corinthia-dev mailing list archives

Site index · List index
Message view « Date » · « Thread »
Top « Date » · « Thread »
From "Dennis E. Hamilton" <>
Subject ODF conformance/compliance testing (was RE: ODF mapping)
Date Thu, 30 Apr 2015 15:07:34 GMT
In the original proposal for Apache Corinthia as an Incubator project, and on the web site,
there is this text in the statement of Goals <>:

    Many office document programs claim to read/write to the 
    ISO open standards for office documents, OpenDocument 
    Format (ODF) and Office Open XML (OOXML), but do not 
    document which parts are left unimplemented. Furthermore, 
    the standards have a large number of "implementation defined" 
    parts, making real-world congruence chancy. The Corinthia 
    project wants to put this unacknowledged aspect into the open
    and provide "compliance sheets" for document formats, as known
    from industry computer protocols.

    Corinthia aims at generating a large set of test documents, 
    which can be used to verify the "compliance sheets". The code 
    can work as test case for other applications (or entities 
    tendering for OOXML/ODF based systems) as well.

I think that is very important. In fact, it is the sole reason that I chose to become an initial
committer and, thereafter, part of the Podling Project Management Committee.  And, if this
is not a product of this project, I will eventually leave.

I propose to offer a structure for achieving what that stated goal is in a tangible, transparent,
and reusable/re-purposable form.  It is not a task I can complete on my own, but I would rather
establish it here, where participation of others is welcome and straightforward, than on web
pages and repositories operated by myself.

I propose to start with ODF because it is the ISO specification that I know the best, having
been on editing teams and also producing errata for the progression of alignment between OASIS
and ISO versions of the specifications. 

 -- Dennis E. Hamilton    +1-206-779-9430  PGP F96E 89FF D456 628A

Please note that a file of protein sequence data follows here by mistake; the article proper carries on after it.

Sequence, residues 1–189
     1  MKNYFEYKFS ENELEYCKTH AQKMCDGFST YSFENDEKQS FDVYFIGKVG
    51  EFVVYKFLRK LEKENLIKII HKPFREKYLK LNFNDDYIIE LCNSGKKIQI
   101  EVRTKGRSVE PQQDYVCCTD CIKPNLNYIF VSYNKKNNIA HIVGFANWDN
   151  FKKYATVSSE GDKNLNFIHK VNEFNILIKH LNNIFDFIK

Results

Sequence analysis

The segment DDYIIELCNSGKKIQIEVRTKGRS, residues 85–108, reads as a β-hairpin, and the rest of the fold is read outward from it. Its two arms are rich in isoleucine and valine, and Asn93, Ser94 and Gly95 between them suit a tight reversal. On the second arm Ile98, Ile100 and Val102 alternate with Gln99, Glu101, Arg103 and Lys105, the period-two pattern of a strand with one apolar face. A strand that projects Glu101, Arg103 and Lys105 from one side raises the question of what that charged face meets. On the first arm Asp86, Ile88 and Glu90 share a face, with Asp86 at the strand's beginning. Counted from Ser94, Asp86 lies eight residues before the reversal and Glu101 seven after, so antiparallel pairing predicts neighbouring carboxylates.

X.509 certs used and requested for signed e-mail


At ISO there is an ODF maintenance working group but the working agreement between OASIS and
ISO/IEC JTC1 has maintenance performed at OASIS.  In the case of OOXML, maintenance is actually
performed at ISO/IEC JTC1 and ECMA basically mirrors the resulting ISO/IEC JTC1 Corrigenda,
Addenda, and new integrated versions.  There is far more active maintenance on OOXML than
on ODF.

It is also important to point out that, as far as I know, the *only* implementations of OOXML
and ODF that are profiled in the manner proposed here are those for Microsoft Office.  There
are deficiencies (and Microsoft welcomes comments and corrections), but whatever those deficiencies
are, these are the only in-the-world efforts to demonstrate conformance and account for deviations.
 So any contribution in this regard from Corinthia is likely to be quite welcome to Microsoft
and might even elicit contributions from the relevant experts on the Office team.  

Of course, I cannot speak for Microsoft in any manner and I have no knowledge of what they
might actually do.  I am simply pointing out their willingness to have such information (since
it is important to regulatory authorities, although regulators have never required the same
accountability from others as far as I know, even though that may change in the EU at some
point) and that there is an intersection of interests with Microsoft Office here.

We can also, in the case of OOXML, explore the differences between strict and transitional
and how Microsoft's initial support for transitional has migrated to finally having, in Office
2013, the option of producing strict OOXML and in Office 2010 the ability to consume either
strict or transitional.  Most of the pissing about this from the ODF camp is simply political
posturing and incredible blindness to what Microsoft has to do to support billions of existing
documents and the software that operates with them.

I also believe a structure of this kind will be instrumental in the qualification of document
conformance and processor compliance of LibreOffice and Apache OpenOffice (and Microsoft Office)
in settings where civil authorities wish to establish OpenDocument format as an open and freely-supported
format for their important editable documents and for the interchange of documents with their
constituencies.  At the moment, many adoption schemes fail when the interoperability realities
and total cost of adoption come to the surface.  This is, of course, blamed on Microsoft marketing
success, without any attention to the larger interoperability short-comings of the offered
ODF implementations.  Such denial is neither useful nor productive, however righteous one
is about it.

 *** end ***

View raw message